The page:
Bragdon installed as manager-in-chief, his establishment was
transferred bodily from New York, and the rooms were soon as
comfortable as their grandeur would permit. Brewster was not
allowed to take advantage of his horses and the new automobile
which preceded him from New York, but to his guests they offered
unlimited opportunities. "Nopper" Harrison had remained in the
north to renew arrangements for the now hated ball and to look
after the advance details of the yacht cruise. Dr. Lotless and his
sister, with "Subway" Smith and the Grays, made up Brewster's
party. Lotless dampened Monty's spirits by relentlessly putting
him on rigid diet, with most discouraging restrictions upon his
conduct. The period of convalescence was to be an exceedingly
trying one for the invalid. At first he was kept in-doors, and the
hours were whiled away by playing cards. But Monty considered
"bridge" the "pons asinorum," and preferred to play piquet with
Peggy. It was one of these games that the girl interrupted with a
question that had troubled her for many days. "Monty," she said,
and she found it much more difficult than when she had rehearsed
the scene in the silence of her walks; "I've heard a rumor that
Miss Drew and her mother have taken rooms at the hotel. Wouldn't
it be pleasanter to have them here?"

A heavy gloom settled upon Brewster's face, and the girl's heart
dropped like lead. She had puzzled over the estrangement, and
wondered if by any effort of her own things could be set right. At
times she had had flashing hopes that it did not mean as much to
Monty as she had thought. But down underneath, the fear that he
was unhappy seemed the only certain thing in life. She felt that
she must make sure. And together with the very human desire to
know the worst, was the puritanical impulse to bring it about.

"You forget that this is the last place they would care to
invade." And in Brewster's face Peggy seemed to read that for her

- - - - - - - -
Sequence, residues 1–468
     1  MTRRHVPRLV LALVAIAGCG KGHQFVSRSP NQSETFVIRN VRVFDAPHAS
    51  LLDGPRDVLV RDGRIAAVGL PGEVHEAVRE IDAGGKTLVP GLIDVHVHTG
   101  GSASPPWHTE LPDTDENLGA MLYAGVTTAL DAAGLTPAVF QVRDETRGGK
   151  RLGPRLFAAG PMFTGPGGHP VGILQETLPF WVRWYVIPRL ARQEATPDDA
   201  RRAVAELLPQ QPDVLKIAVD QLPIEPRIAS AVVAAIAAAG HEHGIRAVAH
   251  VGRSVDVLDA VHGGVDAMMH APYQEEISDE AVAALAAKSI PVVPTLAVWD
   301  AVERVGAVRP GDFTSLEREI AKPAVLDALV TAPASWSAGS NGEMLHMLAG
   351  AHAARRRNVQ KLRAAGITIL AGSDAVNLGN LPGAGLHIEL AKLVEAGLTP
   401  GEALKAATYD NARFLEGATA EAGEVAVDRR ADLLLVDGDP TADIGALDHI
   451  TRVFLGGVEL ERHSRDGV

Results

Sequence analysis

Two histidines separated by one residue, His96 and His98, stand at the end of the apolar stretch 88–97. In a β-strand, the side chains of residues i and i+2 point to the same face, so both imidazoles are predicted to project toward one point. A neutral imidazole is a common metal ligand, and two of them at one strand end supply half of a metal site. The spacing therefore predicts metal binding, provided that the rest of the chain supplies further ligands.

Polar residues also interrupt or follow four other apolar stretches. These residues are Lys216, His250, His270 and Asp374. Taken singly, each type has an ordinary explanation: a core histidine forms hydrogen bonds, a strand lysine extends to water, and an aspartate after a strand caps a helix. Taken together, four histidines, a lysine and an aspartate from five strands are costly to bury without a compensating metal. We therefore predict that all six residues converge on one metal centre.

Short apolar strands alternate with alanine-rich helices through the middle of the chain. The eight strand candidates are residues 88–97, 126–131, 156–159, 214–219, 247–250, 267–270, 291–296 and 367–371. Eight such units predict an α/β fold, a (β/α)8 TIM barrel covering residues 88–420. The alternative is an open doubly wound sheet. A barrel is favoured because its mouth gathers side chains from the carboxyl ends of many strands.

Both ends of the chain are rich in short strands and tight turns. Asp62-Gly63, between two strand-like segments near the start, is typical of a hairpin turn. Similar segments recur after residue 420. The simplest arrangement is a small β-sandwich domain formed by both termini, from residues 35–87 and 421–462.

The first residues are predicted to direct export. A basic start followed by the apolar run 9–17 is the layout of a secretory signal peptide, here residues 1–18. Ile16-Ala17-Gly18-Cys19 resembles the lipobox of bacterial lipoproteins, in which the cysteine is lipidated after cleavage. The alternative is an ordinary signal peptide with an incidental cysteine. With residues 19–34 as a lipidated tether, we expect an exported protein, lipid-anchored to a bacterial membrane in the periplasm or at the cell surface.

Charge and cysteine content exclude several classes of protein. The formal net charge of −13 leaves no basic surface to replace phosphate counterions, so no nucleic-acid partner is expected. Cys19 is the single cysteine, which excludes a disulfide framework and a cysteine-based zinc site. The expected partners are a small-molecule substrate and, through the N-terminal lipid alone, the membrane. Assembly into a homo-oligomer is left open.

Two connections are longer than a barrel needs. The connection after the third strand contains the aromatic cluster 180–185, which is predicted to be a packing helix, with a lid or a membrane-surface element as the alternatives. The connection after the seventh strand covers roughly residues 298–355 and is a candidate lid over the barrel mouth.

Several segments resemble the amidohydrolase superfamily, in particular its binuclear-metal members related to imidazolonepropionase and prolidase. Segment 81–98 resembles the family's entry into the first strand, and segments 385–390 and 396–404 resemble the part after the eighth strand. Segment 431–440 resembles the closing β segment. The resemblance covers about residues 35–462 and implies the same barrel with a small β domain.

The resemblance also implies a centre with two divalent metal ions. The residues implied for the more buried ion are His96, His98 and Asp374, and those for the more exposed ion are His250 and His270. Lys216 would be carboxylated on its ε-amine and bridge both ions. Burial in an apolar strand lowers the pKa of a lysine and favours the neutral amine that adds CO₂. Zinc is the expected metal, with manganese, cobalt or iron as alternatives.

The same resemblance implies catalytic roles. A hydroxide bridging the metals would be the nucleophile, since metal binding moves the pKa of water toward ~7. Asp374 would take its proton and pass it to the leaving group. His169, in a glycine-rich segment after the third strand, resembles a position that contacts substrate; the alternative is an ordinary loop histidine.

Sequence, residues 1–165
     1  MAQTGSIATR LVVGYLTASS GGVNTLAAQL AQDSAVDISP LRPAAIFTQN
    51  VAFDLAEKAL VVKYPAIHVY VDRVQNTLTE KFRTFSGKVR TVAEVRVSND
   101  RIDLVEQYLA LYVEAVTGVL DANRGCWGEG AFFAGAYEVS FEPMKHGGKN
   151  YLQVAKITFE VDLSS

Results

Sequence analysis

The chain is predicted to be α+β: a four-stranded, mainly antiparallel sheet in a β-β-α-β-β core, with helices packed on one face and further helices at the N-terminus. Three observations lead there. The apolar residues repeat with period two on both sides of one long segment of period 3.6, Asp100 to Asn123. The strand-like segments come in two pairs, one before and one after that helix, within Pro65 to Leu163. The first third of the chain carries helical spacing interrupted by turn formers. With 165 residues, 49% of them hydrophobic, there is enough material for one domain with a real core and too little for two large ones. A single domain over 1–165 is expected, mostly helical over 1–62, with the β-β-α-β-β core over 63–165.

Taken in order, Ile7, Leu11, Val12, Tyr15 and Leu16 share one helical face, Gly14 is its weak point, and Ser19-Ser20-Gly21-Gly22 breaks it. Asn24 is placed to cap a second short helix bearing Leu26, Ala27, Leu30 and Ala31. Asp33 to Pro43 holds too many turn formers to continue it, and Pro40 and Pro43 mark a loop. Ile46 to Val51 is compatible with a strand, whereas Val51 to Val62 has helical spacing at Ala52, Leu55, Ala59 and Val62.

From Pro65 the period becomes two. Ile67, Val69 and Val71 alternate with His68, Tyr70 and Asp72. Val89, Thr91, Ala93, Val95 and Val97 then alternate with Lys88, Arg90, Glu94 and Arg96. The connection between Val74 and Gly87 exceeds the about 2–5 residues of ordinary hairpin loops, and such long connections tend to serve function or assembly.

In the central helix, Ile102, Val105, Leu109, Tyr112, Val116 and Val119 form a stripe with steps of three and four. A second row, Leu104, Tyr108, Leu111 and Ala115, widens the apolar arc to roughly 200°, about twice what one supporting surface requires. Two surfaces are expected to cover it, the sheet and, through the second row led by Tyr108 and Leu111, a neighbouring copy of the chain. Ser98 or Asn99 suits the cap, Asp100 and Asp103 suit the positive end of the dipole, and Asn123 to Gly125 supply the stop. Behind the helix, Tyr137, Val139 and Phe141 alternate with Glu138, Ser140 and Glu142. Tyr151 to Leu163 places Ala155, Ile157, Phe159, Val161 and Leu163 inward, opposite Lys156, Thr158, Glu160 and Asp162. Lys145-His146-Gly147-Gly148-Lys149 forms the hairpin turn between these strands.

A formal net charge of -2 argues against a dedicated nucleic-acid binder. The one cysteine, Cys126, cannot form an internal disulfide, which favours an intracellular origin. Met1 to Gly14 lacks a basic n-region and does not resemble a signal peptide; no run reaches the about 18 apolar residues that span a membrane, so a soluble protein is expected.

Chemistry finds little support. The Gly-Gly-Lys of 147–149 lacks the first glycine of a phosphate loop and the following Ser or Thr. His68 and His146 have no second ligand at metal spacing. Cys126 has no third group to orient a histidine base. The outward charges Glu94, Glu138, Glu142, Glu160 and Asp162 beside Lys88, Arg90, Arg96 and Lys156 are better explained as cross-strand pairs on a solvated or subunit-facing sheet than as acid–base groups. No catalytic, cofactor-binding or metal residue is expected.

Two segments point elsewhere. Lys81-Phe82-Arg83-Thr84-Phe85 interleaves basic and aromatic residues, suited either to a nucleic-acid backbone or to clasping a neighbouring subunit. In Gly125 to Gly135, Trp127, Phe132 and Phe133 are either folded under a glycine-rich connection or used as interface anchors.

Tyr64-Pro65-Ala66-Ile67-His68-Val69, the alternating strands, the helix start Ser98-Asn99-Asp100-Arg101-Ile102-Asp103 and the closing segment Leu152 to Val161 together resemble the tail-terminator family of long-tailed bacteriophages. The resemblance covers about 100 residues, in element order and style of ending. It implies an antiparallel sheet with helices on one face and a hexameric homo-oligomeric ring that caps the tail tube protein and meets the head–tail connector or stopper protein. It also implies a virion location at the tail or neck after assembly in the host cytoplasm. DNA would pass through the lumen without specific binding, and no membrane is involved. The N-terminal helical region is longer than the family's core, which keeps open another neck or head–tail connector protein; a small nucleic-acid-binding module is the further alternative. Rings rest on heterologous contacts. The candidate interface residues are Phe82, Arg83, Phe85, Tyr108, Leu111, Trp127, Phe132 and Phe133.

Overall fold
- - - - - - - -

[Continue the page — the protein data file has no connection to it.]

martyrdom was the only wear. Bravely she put it on.

"Monty, I forget nothing that I really know. But this is a case in
which you are quite wrong. Where is your sporting blood? You have
never fought a losing fight before, and you can't do it now. You
have lost your nerve, Monty. Don't you see that this is the time
for an aggressive campaign?" Somehow she was not saying things at
all as she had planned to say them. And his gloom weighed heavily
upon her. "You don't mind, do you, Monty," she added, more softly,
"this sort of thing from me? I know I ought not to interfere, but
I've known you so long. And I hate to see things twisted by a very
little mistake."

But Monty did mind enormously. He had no desire to talk about the
thing anyway, and Peggy's anxiety to marry him off seemed a bit
unnecessary. Manifestly her own interest in him was of the
coldest. From out of the gloom he looked at her somewhat sullenly.
For the moment she was thinking only of his pain, and her face
said nothing.

"Peggy," he exclaimed, finally, resenting the necessity of
answering her, "you don't in the least know what you are talking
about. It is not a fit of anger on Barbara Drew's part. It is a
serious conviction."

"A conviction which can be changed," the girl broke in.

"Not at all." Brewster took it up. "She has no faith in me. She
thinks I'm an ass."

"Perhaps she's right," she exclaimed, a little hot. "Perhaps you
have never discovered that girls say many things to hide their
emotions. Perhaps you don't realize what feverish, exclamatory,
foolish things girls are. They don't know how to be honest with
the men they love, and they wouldn't if they did. You are little
short of an idiot, Monty Brewster, if you believed the things she
said rather than the things she looked."

And Peggy, fiery and determined and defiantly unhappy, threw down
her cards and escaped so that she might not prove herself
tearfully feminine. She left Brewster still heavily enveloped in
melancholy; but she left him puzzled. He began to wonder if
Barbara Drew did have something in the back of her mind. Then he
found his thoughts wandering off toward Peggy and her defiance. He
had only twice before seen her in that mood, and he liked it. He
remembered how she had lost her temper once when she was fifteen,
and hated a girl he admired. Suddenly he laughed aloud at the
thought of the fierce little picture she had made, and the gloom,
which had been so sedulously cultivated, was dissipated in a
moment. The laugh surprised the man who brought in some letters.
One of them was from "Nopper" Harrison, and gave him all the
private news. The ball was to be given at mid-Lent, which arrived
toward the end of March, and negotiations were well under way for
the chartering of the "Flitter," the steam-yacht belonging to
Reginald Brown, late of Brown & Brown.

The letter made Brewster chafe under the bonds of inaction. His
affairs were getting into a discouraging state. The illness was
certain to entail a loss of more than $50,000 to his business. His
only consolation came through Harrison's synopsis of the reports
from Gardner, who was managing the brief American tour of the